Are you on schedule with your holiday planning?
Summer is coming soon, and many have already begun to look forward to the holidays. Here is an overview of the most important rules in the Holiday Act that employers should be aware of in order for this summer's holiday planning to go smoothly:
1 How much holiday?
Section 5 of the Holidays Act stipulates that all employees shall have 25 working days' holiday each year. The concept of working day includes all days except Sunday and public holidays - that is, also Saturday. The requirement under the law is that the employees must have a holiday for four weeks and one day a year. Employees over the age of 60 must also be given extra leave for six working days.
However, many employees are covered by a collective agreement that gives the right to five weeks' holiday or have an individual employment contract that gives the right to more holiday than what follows from the law. It is therefore important to be aware of how much vacation time the individual employee can and must take each year.
2 The point in time for holiday
In principle, the employer can - by virtue of the right to manage - decide when the employees get a holiday. This means that the employer can plan the holiday so that it causes the least possible disruption to the business. If, for example, you know that July is a hectic period, the employer may decide that the employees must take holidays at other times of the year.
However, the Holiday Act contains certain provisions that must be followed when determining the time for holidays. Firstly, the employee is entitled to take a main holiday of 18 working days (three weeks) in the period between 1 June and 30 September, cf. the Holidays Act § 7. However, there is nothing in the way of voluntarily agreeing that the main holiday shall be taken outside this period if it suits both employer and employee. Secondly, employees over the age of sixty can decide for themselves when they want to wind up their extra holiday week, unless otherwise follows from a collective agreement or individual agreement.
3 The employer's duty to discuss
Even if the employer has the final word regarding the point in time of the holiday, the Holidays Act § 6 no. 1 imposes an obligation to discuss the determination of holiday time and the establishment of holiday lists. Discussion can be done with the individual employee, or one can conduct a discussion with employee representatives on behalf of a group of employees. The discussion means that the employee will have the opportunity to make his or her wishes for a holiday, but not necessarily that the person in question will have the wishes fulfilled.
The discussion must take place "well in advance" before the holiday. What is meant by "well in advance", the law does not give a clear answer to. However, the discussion should take place so early that the employer actually has the opportunity to take the employee's wishes into account in the holiday planning. In contrast to the duty to notify (see below), the dialogue should at least begin more than two months before the holiday begins.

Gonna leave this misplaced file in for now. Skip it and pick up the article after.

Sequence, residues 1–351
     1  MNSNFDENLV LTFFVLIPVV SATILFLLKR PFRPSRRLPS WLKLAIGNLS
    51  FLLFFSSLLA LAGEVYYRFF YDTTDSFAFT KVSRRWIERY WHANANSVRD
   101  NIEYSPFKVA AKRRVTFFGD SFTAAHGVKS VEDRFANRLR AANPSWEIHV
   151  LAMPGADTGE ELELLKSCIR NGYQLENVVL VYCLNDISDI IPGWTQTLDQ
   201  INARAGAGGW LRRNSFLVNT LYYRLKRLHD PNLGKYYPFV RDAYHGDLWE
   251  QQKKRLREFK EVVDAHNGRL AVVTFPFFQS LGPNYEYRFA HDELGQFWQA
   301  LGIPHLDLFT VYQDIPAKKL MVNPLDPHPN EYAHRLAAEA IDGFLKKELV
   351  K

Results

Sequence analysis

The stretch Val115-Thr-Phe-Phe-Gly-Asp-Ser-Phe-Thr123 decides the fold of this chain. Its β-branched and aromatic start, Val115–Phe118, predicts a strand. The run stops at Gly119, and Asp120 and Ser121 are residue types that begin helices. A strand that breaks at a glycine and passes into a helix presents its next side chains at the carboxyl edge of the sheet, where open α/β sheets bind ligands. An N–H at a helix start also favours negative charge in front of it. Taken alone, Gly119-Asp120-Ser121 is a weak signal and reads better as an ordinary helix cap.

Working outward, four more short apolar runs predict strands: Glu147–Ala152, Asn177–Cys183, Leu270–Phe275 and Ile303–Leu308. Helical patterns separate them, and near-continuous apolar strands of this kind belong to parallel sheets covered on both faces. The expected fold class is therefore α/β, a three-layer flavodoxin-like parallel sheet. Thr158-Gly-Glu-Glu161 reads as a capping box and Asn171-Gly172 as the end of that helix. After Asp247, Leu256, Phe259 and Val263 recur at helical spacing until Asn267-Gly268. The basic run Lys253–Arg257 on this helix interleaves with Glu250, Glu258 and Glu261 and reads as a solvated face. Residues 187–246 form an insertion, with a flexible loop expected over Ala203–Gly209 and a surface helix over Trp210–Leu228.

4 Notification to employees
According to the Holidays Act § 6 no. 2, employees may demand to be notified of the holiday determination as early as possible or no later than two months before the holiday begins. The duty to notify is conditional on the employee - either himself or through employee representatives - explicitly demanding to be notified. If the employee has not requested it, the employer can provide information about the holiday time later. For larger companies, however, it may be a good idea to give the employees joint notification well in advance of the holiday period, to avoid many individual inquiries and to ensure that everyone receives sufficient information.
The two-month deadline does not apply if there are "special reasons" that prevent the employer from providing such information. This is primarily aimed at operational conditions, and not conditions that apply to the individual employee.
5 Change of determined holiday
After the holiday point in time has been set and the employees informed, unforeseen situations may arise that make it desirable to change the holiday point in time. The Holidays Act § 6 no. 3 gives the employer a certain right to change the stipulated holiday if it is necessary due to unforeseen events that will create significant operational problems, and no substitute can be obtained.
The question of change must be discussed with the employee in advance. "Significant operational problems" primarily include more extraordinary situations, so that the threshold for changing a planned holiday without the employee's consent is high. However, there is nothing to prevent the employer and employee from voluntarily agreeing that the holiday should be changed from what was originally stipulated.
If the employer unilaterally decides to reschedule the holiday, the employer is obliged to cover additional expenses resulting from the reorganization. The liability for compensation includes additional expenses for both the employee him/herself and his/her immediate family. Practical examples of such expenses are often cancellation fees, rental expenses for cabins and costs for hotel rooms.
And speaking of holidays, we wish you all good and sunny days when the time comes!